topic in your events and you want its value to be included in the label for a Google workflow action, you might set the Label value to
In the above example, if the value for
topic in an event is
CreatefieldactionsinSplunkWeb the field action displays as Google CreatefieldactionsinSplunkWeb in the
topic field menu.
The URI field enables you to define the location of the external resource that you want to send your field values to. Similar to the Label setting, when you declare the value of a field, you use the name of the field enclosed by dollar signs. In the above example, this URI uses the GET method to submit the
topic value to Google for a search.
You can choose whether the workflow action displays in the event menu, the field menu(s), or both. You can also identify whether the link opens in the current window or a new window.
You can also arrange for the workflow action to apply only to a specific set of events. You can indicate that the workflow action only appears in events that have a particular set of fields or which belong to a specific event type or set of event types.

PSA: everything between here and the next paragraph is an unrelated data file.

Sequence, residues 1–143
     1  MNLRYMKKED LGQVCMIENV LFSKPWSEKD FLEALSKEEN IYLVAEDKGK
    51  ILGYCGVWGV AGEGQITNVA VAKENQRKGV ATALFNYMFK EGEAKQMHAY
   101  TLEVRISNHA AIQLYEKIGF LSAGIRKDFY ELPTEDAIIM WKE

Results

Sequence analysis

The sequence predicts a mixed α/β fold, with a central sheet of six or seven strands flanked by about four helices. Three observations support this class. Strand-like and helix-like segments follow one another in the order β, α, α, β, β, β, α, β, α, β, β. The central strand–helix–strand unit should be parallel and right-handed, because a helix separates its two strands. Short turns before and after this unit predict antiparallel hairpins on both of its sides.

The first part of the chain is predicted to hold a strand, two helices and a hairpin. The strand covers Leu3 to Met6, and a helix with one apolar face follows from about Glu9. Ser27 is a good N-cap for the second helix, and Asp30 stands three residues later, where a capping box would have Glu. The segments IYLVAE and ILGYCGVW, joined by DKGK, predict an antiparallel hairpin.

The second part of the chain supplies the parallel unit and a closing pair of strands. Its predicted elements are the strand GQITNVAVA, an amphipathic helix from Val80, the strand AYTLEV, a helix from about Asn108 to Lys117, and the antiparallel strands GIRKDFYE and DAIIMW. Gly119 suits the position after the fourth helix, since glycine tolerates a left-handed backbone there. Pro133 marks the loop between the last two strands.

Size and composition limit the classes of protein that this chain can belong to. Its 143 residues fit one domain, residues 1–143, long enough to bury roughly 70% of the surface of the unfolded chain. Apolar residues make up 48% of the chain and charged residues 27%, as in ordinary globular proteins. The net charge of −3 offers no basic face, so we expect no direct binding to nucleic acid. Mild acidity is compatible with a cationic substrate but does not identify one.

Example - Provide an external IP lookup
You have configured configured your Splunk app to extract domain names in web services logs and specify them as a field named
domain. You want to be able to search an external WHOIS database for more information about the domains that appear.
Here's how you would set up the GET workflow action that helps you with this.
In the Workflow actions details page, set Action type to link and set Link method to get.
You then use the Label and URI fields to identify the field involved. Set a Label value of WHOIS: $domain$. Set a URI value of http://whois.net/whois/$domain$.
After that, you can determine:
- whether the link shows up in the field menu, the event menu, or both.
- whether the link opens the WHOIS search in the same window or a new one.